Mural Arts has had a stranglehold on the walls of Philadelphia for a couple decades now. Over the years, the program has evolved into a highly professionalized operation, with mural subjects and styles vetted by the community via a lengthy engagement process. This may be politically necessary, but in attempting to displease the least amount of people, the edges are rounded off what might have been more personal, idiosyncratic and perhaps interesting work.
Of course, there are dozens if not hundreds of murals around the city that weren’t painted by Mural Arts. The artists are usually anonymous to the general public, although they may be well known in their neighborhood. Some aren’t done by artists at all, but by people who have something they want to tell the world. Many of these murals are neither skillful nor interesting, yet a few of them have a rawness and a vitality that Mural Arts murals sometimes lack. They function as wild cards, individual expressions that counterbalance the more expert and communal work of Mural Arts.
These non-Mural Arts murals fall can be divided into a few basic categories: R.I.P. murals, often done in graffiti style, business advertisements, particularly corner stores and auto body shops, graffiti on legal walls, expressions of patriotism, whether a flag painted for the Bicentennial, or a map of the United States with “RESPECT IT or get the HELL OUT” written on top.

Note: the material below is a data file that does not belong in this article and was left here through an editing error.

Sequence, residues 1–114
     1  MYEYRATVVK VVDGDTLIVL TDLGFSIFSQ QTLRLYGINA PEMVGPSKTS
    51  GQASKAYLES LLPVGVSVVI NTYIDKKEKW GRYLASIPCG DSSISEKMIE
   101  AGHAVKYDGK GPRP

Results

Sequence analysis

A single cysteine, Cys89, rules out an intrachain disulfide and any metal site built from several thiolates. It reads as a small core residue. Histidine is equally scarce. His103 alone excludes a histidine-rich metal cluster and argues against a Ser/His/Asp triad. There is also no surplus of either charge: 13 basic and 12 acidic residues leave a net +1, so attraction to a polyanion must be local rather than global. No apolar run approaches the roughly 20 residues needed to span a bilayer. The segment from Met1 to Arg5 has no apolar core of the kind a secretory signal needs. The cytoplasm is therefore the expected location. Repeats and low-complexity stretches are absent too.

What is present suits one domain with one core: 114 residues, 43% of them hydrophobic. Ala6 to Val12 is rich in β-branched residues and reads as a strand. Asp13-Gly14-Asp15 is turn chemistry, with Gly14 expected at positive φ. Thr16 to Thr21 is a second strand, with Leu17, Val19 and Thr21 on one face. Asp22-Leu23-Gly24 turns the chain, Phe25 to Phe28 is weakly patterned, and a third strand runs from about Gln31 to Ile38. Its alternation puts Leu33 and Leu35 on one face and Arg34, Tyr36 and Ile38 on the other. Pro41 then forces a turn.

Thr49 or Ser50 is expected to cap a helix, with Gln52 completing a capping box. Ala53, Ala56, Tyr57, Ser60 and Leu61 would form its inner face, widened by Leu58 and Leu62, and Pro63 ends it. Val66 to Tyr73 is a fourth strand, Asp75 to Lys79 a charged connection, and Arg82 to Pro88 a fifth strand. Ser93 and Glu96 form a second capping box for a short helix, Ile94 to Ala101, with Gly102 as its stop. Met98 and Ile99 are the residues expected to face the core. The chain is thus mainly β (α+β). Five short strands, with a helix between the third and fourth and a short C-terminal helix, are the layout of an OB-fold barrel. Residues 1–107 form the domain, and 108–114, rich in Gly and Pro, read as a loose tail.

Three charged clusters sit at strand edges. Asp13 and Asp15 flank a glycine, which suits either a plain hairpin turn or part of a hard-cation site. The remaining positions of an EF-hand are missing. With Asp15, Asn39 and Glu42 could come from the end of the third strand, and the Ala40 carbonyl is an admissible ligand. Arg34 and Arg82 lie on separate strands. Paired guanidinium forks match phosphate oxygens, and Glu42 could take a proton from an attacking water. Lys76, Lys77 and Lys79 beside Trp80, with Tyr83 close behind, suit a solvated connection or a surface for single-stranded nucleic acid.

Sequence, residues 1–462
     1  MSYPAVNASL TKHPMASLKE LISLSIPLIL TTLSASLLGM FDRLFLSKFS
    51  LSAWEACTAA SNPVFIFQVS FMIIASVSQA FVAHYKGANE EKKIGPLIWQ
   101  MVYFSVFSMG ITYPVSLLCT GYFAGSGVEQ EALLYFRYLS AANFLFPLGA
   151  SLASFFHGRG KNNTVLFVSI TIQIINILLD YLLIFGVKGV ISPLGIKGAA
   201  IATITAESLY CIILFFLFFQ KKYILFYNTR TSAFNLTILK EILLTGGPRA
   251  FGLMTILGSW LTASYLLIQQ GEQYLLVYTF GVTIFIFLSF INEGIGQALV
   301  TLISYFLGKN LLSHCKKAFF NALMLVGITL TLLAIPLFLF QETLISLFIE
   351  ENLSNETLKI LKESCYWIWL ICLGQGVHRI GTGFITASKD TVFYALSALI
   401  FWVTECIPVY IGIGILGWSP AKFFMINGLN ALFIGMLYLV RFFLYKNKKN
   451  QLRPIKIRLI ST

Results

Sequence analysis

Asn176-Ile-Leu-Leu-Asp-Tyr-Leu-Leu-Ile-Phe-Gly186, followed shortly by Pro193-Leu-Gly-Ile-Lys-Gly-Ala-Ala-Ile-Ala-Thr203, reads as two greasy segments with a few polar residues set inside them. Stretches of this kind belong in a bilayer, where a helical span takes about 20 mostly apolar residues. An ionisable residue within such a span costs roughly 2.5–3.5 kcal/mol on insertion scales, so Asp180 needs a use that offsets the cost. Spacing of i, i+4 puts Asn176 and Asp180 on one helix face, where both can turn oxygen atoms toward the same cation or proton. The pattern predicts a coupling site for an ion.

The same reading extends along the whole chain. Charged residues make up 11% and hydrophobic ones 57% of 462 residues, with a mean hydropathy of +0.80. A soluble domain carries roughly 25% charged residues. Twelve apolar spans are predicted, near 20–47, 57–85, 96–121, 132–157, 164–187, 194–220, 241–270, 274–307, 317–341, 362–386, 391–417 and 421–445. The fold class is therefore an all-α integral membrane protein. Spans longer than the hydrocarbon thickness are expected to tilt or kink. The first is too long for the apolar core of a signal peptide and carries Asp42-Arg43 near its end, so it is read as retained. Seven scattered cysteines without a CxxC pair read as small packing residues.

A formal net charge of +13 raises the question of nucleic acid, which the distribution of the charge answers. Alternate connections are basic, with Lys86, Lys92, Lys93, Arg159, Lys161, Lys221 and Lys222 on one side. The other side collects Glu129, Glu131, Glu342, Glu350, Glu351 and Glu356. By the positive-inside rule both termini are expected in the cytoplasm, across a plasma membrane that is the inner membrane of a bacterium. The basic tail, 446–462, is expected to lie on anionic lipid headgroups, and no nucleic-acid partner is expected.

There are murals that, much like Mural Arts, are trying to represent community values. Perhaps the most interesting one is a painting of a boxer (Mike Tyson?) knocking out his opponent that says “Uh huh, you should have kept your butt in school.” There’s something about the informal, slightly aggressive language, and the violence in that mural which is appropriate, whether the artist intended it or not. Staying in school is a good way to stay off the streets, and the streets are often violent. Drop out and you might get hurt.
A few might have been created by Mural Arts predecessor, the Philadelphia Anti-Graffiti Network or PAGN. The “Progress” mural with images of former School District of Philadelphia Superintendent Constance Clayton, Mayor Wilson Goode, Julius Erving and astronaut Guy Bluford has the look of an Anti-Graffiti mural, most of which were painted by teenagers, but the graffiti style lettering would have been frowned upon, so perhaps not.
And then there are murals that are simply inexplicable–you just don’t know what the heck they were thinking, like the mural of a man in a suit holding a bottle and what looks like a martini glass.
Here are some of the examples we’ve found around the city. If you have ones of your own, send them in to Peter Woodall at email@example.com.
Click on any thumbnail to launch gallery
Photos: Katrina Ohstrom
Photos: Peter Woodall